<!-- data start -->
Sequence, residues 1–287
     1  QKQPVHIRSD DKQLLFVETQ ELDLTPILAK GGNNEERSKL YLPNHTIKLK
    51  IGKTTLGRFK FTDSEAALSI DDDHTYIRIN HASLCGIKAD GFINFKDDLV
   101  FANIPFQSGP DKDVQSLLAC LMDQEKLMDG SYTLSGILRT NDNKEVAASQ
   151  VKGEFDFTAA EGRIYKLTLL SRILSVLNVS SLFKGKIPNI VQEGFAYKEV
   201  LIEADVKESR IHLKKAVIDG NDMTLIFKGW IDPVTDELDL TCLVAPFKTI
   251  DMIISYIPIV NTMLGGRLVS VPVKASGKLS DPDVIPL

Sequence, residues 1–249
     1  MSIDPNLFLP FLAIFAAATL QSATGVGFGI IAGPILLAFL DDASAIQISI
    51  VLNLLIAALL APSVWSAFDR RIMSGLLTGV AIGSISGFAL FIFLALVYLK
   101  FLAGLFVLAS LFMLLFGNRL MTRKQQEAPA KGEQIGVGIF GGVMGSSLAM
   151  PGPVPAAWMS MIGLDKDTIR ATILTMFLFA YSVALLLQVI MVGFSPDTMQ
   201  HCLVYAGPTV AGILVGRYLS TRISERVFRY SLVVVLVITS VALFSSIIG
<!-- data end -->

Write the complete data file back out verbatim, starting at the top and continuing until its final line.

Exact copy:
Sequence, residues 1–287
     1  QKQPVHIRSD DKQLLFVETQ ELDLTPILAK GGNNEERSKL YLPNHTIKLK
    51  IGKTTLGRFK FTDSEAALSI DDDHTYIRIN HASLCGIKAD GFINFKDDLV
   101  FANIPFQSGP DKDVQSLLAC LMDQEKLMDG SYTLSGILRT NDNKEVAASQ
   151  VKGEFDFTAA EGRIYKLTLL SRILSVLNVS SLFKGKIPNI VQEGFAYKEV
   201  LIEADVKESR IHLKKAVIDG NDMTLIFKGW IDPVTDELDL TCLVAPFKTI
   251  DMIISYIPIV NTMLGGRLVS VPVKASGKLS DPDVIPL

Sequence, residues 1–249
     1  MSIDPNLFLP FLAIFAAATL QSATGVGFGI IAGPILLAFL DDASAIQISI
    51  VLNLLIAALL APSVWSAFDR RIMSGLLTGV AIGSISGFAL FIFLALVYLK
   101  FLAGLFVLAS LFMLLFGNRL MTRKQQEAPA KGEQIGVGIF GGVMGSSLAM
   151  PGPVPAAWMS MIGLDKDTIR ATILTMFLFA YSVALLLQVI MVGFSPDTMQ
   201  HCLVYAGPTV AGILVGRYLS TRISERVFRY SLVVVLVITS VALFSSIIG